The national carrier is Icelandair which has flights to most major destinations in the western half of Europe and the eastern half of North America. Note that off season (wintertime) some destinations might not be served or have a reduced schedule at least.
In addition, Wow Air has budget flights to and from several European destinations.
By boat your options are limited, time consuming and it's not a good deal at all unless you really want to bring your own car to Iceland or want to visit the Faroe Islands as well.
For the more adventurous, the Icelandic cargo ship Eimskip has two vessels, the Dettifoss and Goðafoss which travel the route Rotterdam-Hamburg-Göteborg-Århus-Fredrikstad-Tórshavn-Reykjavík. It takes 8 days in total and the return trip goes via eastern Iceland and Tórshavn only. The vessel can take a maximum of 3 passengers but only between mid-April and mid-October.
Although of course it is not possible to just drive to Iceland, you can take the above mentioned Smyril Line and drive your own car in the country.
Air Iceland operates regular scheduled flights from Reykjavík to major domestic airports in all parts of the country, like Akureyri and Egilsstaðir. Landsflug also has flights to smaller airstrips around the country, for example several daily flights from Reykjavík to Vestmannaeyjar.
There are no train services in Iceland.
Driving in Iceland is straightforward but for all F-roads you will need a 4wd vehicle. In winter most of these roads are closed and don't open until the end of June, closing down by September again. Check this website for details about which roads are open or closed.
Renting a car is expensive in Iceland, but a small Toyota Yaris will do the work on most roads (except the interior roads), especially if you are only with 2 persons
The number 1 road is a ring road which basically follows the coast line and stretches right around Iceland for about 1400 kilometres. It doesn't include the West Fjords or Snæfellsness Peninsular. The road has about 90% tarmac cover and only a few spots in the East have a gravel surface.
There are a few tunnels to make your circumnavigation a bit easier. The only one which charges is actually the shortest tunnel which goes under Hvalfjorður close to Reykjavik. The cost is about 800kr and the charge is both ways.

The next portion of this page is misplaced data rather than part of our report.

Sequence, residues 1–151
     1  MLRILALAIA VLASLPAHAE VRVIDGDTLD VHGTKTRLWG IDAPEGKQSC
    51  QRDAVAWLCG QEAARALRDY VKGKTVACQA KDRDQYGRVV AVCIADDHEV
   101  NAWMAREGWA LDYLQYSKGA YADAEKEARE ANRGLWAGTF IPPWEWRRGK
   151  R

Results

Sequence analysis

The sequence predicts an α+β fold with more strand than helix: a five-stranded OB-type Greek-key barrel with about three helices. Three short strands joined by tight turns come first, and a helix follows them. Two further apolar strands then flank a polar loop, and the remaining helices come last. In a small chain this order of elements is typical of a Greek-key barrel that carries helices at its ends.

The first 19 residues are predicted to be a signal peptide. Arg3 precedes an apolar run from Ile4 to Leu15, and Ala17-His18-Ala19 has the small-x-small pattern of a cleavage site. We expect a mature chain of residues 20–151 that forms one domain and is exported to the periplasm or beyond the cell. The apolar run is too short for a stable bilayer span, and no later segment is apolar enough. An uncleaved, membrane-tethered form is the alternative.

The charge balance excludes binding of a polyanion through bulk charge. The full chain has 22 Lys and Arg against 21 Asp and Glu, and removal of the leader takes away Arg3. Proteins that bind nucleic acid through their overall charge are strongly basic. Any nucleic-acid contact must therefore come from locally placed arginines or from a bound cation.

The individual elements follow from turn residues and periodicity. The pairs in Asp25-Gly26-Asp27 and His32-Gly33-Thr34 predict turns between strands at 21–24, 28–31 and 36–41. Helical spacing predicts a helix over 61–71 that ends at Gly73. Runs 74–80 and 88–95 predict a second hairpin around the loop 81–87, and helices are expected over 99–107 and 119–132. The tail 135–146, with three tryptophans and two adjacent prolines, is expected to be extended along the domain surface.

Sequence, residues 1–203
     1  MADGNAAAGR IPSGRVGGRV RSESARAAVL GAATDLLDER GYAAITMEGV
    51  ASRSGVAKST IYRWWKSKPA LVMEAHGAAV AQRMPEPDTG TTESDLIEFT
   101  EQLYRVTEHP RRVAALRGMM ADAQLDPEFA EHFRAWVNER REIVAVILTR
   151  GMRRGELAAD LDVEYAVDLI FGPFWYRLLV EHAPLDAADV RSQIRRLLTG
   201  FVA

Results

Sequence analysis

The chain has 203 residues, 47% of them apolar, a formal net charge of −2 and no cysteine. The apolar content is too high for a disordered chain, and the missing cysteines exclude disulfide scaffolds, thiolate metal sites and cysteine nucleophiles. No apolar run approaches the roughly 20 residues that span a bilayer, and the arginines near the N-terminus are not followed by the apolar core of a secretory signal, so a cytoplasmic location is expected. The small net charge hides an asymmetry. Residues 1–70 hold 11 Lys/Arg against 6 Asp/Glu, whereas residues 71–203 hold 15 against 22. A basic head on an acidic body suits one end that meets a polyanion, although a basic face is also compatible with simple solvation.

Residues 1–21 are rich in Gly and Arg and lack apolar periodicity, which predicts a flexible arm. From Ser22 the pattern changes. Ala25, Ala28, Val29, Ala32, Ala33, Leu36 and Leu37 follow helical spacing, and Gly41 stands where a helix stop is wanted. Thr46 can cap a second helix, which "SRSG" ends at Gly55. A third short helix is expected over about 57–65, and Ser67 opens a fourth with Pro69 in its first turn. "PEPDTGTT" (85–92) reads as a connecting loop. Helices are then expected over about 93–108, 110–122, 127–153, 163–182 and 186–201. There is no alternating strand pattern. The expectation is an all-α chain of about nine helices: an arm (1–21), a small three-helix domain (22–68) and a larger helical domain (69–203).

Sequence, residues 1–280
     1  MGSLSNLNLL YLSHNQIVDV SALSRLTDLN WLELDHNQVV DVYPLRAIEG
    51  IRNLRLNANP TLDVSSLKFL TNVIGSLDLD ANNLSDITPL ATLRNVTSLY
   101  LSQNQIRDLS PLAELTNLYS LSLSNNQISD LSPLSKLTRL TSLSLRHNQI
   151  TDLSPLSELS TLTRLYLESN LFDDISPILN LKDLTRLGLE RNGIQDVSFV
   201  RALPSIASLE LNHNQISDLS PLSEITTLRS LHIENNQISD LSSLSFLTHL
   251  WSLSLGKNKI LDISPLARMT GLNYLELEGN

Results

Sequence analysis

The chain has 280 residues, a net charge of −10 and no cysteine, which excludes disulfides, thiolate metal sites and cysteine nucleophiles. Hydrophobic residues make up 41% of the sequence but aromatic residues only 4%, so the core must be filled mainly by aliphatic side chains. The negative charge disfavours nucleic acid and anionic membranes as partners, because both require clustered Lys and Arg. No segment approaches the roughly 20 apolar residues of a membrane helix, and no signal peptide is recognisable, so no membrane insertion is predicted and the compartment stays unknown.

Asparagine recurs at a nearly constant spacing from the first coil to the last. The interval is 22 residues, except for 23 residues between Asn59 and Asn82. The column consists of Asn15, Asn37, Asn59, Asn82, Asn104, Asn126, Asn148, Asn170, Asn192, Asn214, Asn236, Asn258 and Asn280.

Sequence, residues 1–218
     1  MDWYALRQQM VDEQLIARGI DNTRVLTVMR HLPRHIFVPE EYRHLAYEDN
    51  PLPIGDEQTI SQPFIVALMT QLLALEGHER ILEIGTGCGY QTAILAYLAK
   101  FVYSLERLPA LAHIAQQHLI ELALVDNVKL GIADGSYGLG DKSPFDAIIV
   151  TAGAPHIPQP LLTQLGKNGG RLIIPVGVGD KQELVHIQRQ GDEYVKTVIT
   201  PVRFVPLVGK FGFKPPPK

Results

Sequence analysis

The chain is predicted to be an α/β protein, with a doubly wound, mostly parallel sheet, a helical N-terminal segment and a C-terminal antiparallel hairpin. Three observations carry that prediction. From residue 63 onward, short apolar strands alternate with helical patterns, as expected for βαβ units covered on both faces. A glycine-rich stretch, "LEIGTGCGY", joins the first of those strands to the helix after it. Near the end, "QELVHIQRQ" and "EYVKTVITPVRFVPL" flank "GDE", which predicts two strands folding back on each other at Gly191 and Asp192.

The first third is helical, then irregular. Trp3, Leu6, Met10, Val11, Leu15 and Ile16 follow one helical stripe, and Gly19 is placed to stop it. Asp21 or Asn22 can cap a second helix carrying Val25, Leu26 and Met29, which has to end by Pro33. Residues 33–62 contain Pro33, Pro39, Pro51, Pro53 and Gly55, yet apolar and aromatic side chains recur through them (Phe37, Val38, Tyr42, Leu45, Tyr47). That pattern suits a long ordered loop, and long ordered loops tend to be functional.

There is an extensive bus service to most parts of the country and seasonal to the highlands. The Flybus travels between the international airport in Keflavik and the capital Reykjavik. Note that bus services are limited from October to May. June to September is your best bet.
Check BSI for an overview on bus companies. Otherwise check the bus companies directly: Austurleid for South and East Iceand, SBK Travels for the Keflavik and Reykjanes area, Stjornubilar for the Westfjords and Trex for West and North Iceland.
A number of ferry lines operate services to various islands and fjords, like the Hrisey and Grimsey ferry, the ferry between Baldur and Stykkisholmur and the ferry to the Vestman Islands.
Iceland is perfect to cycle around, especially during the summer months along the ring road. Check websites such as the Icelandic Mountain Bike Club (in Icelandic) and Icebike for more information about touring options.
See also: Schengen Visa
Citizens of the following countries can stay for up to 90 days in Iceland without a visa:
Andorra, Argentina, Australia, Austria, Belgium, Brazil, Brunei, Bulgaria, Canada, Chile, Croatia, Costa Rica, Cyprus, Czech Republic, Denmark, El Salvador, Estonia, Finland, France, Germany, Greece, Guatemala, Honduras, Hong Kong, Hungary, Ireland, Israel, Italy, Japan, Latvia, Liechtenstein, Lithuania, Luxembourg, Macau, Malaysia, Malta, Mexico, Monaco, Netherlands, New Zealand, Nicaragua, Norway, Panama, Paraguay, Poland, Portugal, Romenia, San Marino, Singapore, Slovakia, Slovenia, South Korea, Spain, Sweden, Switzerland, United Kingdom, United States, Uruguay, Vatican City and Venezuela.
For more information, have a look at the Icelandic Visa Requirements website or visit the nearest embassy or consulate.
See also: Money Matters
The Icelandic currency is the króna (Ikr.). Coins come in denominations of five, ten, fifty and one hundred krónur and there are notes of 500, 1000, 2000 and 5000 krónur. Currently (April 2008) you will get over 120 krónur for your euro and less than 80 for one dollar. This is almost 50 percent more than a year before (regarding the euro) but still Iceland is not a country where things come cheap. A double room costs 100 US dollar or more at least and renting even the smallest car will set you back at least 50 US dollar a day, usually more.
You don't have to bring lots of cash, because Iceland is a country where plastic money seems to be invented and even small things can usually be bought by credit card. If you don't have one, most banking cards of your own country (Cirrus, Maestro logo) will be fine for taking money from ATM's and these can be found in almost every small town.
Tipping is not necessary in Iceland as taxes (VAT) and service is included in the price.
If you want to work in Iceland you need to apply for a 'kennitala' or Identity Number. This number will tie you to everything tax related, such as benefits, purchases tax returns etc. If you continue to work for more than three months, you will be entitled to subsidised health care, depending on residential status.